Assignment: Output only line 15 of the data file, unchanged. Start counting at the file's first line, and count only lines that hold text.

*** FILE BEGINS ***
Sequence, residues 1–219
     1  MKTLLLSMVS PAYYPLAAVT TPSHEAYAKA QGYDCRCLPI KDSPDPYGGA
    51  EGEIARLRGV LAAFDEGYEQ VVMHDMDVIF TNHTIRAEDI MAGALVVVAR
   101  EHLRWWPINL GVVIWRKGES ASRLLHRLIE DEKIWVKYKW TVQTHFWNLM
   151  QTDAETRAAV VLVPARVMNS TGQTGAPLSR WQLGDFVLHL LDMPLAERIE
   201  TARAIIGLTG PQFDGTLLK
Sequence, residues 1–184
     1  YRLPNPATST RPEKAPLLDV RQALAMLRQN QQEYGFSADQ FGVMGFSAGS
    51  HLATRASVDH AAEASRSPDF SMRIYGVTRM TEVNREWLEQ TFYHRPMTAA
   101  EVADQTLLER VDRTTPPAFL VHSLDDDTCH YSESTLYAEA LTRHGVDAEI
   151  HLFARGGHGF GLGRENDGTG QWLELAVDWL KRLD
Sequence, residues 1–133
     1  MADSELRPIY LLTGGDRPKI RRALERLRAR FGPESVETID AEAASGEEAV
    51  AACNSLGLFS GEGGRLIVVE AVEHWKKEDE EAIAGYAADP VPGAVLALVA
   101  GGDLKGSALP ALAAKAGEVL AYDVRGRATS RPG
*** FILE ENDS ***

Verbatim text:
   101  GGDLKGSALP ALAAKAGEVL AYDVRGRATS RPG